Argentina’s economy grew 1.3% year-on-year in the first quarter of 2023, the slowest rise since late 2020, as central bank spending to prop up the peso and boost exports offset a historic drought that has hammered grains production.
The INDEC statistics agency said in a report on Thursday that the farm-driven economy also grew 0.7% versus the previous quarter, while unemployment edged up to 6.9% from 6.3% before.
The South American breadbasket nation, a key exporter of soy and corn, is battling to stem an economic slowdown after one of its worst ever droughts devastated harvests, draining foreign reserves and weighing down the already weak peso currency.
Analysts said billions of dollars that had drained from central bank reserves had the silver lining side-effect of bolstering demand, even as the trend hurt the state’s financial position and ability to meet repayments.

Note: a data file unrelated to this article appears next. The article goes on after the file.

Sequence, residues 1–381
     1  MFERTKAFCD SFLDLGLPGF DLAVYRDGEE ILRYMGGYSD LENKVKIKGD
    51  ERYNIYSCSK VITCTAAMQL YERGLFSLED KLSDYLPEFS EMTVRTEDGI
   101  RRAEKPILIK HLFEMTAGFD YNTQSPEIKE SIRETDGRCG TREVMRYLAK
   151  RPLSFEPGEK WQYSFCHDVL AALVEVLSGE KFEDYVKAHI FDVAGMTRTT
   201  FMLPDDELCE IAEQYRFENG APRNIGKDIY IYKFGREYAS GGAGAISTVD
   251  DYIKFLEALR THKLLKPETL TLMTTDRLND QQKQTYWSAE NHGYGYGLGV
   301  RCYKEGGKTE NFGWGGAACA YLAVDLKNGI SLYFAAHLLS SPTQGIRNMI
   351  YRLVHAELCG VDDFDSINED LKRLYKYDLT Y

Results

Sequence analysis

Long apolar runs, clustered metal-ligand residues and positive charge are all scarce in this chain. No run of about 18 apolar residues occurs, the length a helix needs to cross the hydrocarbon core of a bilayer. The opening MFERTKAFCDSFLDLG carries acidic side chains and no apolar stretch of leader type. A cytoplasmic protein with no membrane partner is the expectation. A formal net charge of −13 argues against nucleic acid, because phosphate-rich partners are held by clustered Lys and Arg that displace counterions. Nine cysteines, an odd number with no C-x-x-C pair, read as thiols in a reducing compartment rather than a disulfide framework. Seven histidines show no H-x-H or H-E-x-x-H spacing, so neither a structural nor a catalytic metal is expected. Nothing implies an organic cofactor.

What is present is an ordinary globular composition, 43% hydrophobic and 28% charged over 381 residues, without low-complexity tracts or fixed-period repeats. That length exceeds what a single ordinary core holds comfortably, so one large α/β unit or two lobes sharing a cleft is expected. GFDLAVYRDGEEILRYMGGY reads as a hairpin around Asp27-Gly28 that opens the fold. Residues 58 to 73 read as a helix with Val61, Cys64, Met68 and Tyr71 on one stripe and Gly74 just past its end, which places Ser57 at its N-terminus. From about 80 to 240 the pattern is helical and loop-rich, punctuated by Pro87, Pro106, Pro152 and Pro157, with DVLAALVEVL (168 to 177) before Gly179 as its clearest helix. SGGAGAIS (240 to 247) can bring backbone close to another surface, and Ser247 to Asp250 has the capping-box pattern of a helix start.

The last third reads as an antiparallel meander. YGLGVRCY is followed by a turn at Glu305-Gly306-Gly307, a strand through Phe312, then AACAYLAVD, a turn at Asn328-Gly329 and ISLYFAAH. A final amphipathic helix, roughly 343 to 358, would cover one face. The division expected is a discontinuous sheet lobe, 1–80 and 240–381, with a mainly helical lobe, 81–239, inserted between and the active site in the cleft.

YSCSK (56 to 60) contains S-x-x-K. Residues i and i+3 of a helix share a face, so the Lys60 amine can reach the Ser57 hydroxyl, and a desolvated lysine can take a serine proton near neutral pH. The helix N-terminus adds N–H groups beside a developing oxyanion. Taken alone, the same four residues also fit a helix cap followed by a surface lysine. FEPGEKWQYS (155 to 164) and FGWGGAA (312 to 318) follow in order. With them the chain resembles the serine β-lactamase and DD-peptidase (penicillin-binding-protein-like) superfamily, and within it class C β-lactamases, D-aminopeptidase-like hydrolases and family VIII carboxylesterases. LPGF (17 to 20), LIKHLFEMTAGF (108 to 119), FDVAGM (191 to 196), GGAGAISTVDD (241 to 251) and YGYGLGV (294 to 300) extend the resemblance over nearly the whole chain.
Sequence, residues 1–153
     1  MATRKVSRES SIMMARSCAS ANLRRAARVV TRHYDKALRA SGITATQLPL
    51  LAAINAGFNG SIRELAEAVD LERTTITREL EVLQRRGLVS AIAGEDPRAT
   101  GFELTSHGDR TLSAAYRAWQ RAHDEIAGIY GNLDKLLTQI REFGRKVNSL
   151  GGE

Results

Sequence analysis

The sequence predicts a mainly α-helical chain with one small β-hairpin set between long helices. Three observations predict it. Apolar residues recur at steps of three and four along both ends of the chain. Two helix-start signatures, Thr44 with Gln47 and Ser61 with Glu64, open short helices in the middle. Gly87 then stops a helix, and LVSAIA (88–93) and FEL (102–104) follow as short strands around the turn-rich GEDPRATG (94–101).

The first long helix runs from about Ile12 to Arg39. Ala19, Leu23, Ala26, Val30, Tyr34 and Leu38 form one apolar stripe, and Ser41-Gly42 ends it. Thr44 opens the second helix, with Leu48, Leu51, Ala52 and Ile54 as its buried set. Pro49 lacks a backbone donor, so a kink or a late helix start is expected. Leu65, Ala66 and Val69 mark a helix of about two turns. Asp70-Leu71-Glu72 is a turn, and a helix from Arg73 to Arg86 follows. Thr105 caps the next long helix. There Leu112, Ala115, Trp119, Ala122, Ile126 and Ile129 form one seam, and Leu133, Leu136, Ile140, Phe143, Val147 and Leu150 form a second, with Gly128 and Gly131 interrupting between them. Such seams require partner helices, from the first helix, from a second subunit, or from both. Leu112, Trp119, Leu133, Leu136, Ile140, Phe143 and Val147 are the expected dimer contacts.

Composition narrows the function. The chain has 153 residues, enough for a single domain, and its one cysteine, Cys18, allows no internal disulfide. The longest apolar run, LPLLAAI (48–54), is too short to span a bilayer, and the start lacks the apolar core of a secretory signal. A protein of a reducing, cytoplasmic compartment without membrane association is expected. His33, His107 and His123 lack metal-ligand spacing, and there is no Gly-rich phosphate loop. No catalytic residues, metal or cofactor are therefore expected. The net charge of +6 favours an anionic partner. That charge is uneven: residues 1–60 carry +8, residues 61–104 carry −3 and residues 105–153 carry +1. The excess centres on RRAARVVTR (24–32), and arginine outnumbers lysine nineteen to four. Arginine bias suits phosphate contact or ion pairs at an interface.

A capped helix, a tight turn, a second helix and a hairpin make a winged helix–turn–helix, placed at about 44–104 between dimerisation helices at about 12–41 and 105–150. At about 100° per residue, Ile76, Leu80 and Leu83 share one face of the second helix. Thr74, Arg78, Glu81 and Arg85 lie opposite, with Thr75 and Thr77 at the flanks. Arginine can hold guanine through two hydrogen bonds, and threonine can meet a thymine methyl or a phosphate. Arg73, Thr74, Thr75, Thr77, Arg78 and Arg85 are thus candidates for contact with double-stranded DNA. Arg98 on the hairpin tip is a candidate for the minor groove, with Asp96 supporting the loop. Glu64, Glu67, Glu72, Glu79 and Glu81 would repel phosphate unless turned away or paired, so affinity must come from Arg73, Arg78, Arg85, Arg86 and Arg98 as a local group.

“We are talking about some $6 billion that the central bank poured into the market and that, indirectly, helped sustain demand in the first three months of the year,” said Eugenio Mari, chief economist at Fundacion Libertad y Progreso.
“This helped moderate the negative shock of the drought,” Mari said, adding that a so-called ‘soy dollar’ exchange rate to boost grains exports had been positive too, while inflation over 100% spurred consumer spending with people reluctant to save.
The economy, however, is widely expected to dip into negative territory in the quarters ahead as the full impact of the drought hits home and amid political uncertainty in the run-up to general elections in October.
“We expect this will be the last quarter with a year-on-year rise for a while. In the second quarter, we’ll have the full impact of the drought and the drop will be significant,” said Lucio Garay Mendez, economist at consultancy Eco Go.
Source : usnews